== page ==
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Adverse events after vaccine administration in cats: 2,560 cases (2002–2005)

George E. Moore DVM, PhD, DACVPM, DACVIM1, Andrea C. DeSantis-Kerr DVM2, Lynn F. Guptill DVM, PhD, DACVIM3, Nita W. Glickman MPH, PhD4, Hugh B. Lewis BVMS, DACVP5, and Lawrence T. Glickman VMD, DrPH6
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  • 1 Department of Comparative Pathobiology, School of Veterinary Medicine, Purdue University, West Lafayette, IN 47907-2027
  • | 2 Department of Comparative Pathobiology, School of Veterinary Medicine, Purdue University, West Lafayette, IN 47907-2027
  • | 3 Department of Veterinary Clinical Sciences, School of Veterinary Medicine, Purdue University, West Lafayette, IN 47907-2027
  • | 4 Department of Comparative Pathobiology, School of Veterinary Medicine, Purdue University, West Lafayette, IN 47907-2027
  • | 5 Banfield, The Pet Hospital, 8000 NE Tillamook, Portland, OR 97213
  • | 6 Departments of Comparative Pathobiology, School of Veterinary Medicine, Purdue University, West Lafayette, IN 47907-2027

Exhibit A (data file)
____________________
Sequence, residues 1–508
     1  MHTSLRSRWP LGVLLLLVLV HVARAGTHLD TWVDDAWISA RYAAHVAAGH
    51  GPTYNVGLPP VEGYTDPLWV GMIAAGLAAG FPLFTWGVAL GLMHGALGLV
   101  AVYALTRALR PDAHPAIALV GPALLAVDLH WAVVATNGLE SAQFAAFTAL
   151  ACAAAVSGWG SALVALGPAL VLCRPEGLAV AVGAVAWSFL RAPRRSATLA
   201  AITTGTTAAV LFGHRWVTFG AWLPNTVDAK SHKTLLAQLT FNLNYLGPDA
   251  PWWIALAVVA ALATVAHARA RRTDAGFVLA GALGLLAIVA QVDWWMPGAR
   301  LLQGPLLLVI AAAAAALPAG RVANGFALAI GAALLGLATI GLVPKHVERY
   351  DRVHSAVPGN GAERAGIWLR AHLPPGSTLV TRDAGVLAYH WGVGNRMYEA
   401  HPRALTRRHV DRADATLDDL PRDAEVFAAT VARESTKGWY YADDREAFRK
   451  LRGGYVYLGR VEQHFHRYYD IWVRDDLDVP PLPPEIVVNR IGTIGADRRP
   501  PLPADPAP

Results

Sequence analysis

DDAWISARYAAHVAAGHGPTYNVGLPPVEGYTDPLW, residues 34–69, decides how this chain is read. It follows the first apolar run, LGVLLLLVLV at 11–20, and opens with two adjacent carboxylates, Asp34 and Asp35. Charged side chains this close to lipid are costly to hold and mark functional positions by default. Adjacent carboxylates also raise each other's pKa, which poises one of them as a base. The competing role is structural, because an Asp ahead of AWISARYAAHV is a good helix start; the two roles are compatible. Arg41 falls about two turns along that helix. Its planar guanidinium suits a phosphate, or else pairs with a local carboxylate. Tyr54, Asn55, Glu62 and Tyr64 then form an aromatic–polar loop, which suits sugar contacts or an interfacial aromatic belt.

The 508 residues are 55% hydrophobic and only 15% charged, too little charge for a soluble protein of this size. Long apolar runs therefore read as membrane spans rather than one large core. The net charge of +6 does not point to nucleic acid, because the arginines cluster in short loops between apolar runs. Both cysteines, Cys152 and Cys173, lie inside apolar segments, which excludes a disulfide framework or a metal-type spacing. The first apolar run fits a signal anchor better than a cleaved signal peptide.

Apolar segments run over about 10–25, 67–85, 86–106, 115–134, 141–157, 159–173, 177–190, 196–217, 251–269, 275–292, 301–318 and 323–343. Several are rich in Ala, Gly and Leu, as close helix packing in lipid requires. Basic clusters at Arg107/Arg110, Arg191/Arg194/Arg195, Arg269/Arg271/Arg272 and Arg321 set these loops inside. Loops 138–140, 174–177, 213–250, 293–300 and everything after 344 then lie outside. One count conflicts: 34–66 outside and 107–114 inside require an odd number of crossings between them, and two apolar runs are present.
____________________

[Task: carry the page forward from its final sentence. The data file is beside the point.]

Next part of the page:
Abstract

Objective—To determine the incidence of vaccine-associated adverse events (VAAEs) diagnosed within 30 days of vaccination in cats and characterize risk factors for their occurrence.

Design—Retrospective cohort study.

Animals—496,189 cats vaccinated at 329 hospitals.

Procedures—Electronic records were searched for VAAEs that occurred after vaccine administration classified by practitioners as nonspecific vaccine reaction, allergic reaction, urticaria, shock, or anaphylaxis. Clinical signs and treatments were reviewed. The association between potential risk factors and a VAAE occurrence was estimated via multivariate logistic regression.

Results—2,560 VAAEs were associated with administration of 1,258,712 doses of vaccine to 496,189 cats (51.6 VAAEs/10,000 cats vaccinated). The risk of a VAAE significantly increased as the number of vaccines administered per office visit increased. Risk was greatest for cats approximately 1 year old; overall risk was greater for neutered versus sexually intact cats. Lethargy with or without fever was the most commonly diagnosed VAAE. No localized reactions recorded in the 30-day period were subsequently diagnosed as neoplasia when followed for 1 to 2 years.

Conclusions and Clinical Relevance—Although overall VAAE rates were low, young adult neutered cats that received multiple vaccines per office visit were at the greatest risk of a VAAE within 30 days after vaccination. Veterinarians should incorporate these findings into risk communications and limit the number of vaccinations administered concurrently to cats.

Contributor Notes

Address correspondence to Dr. Moore.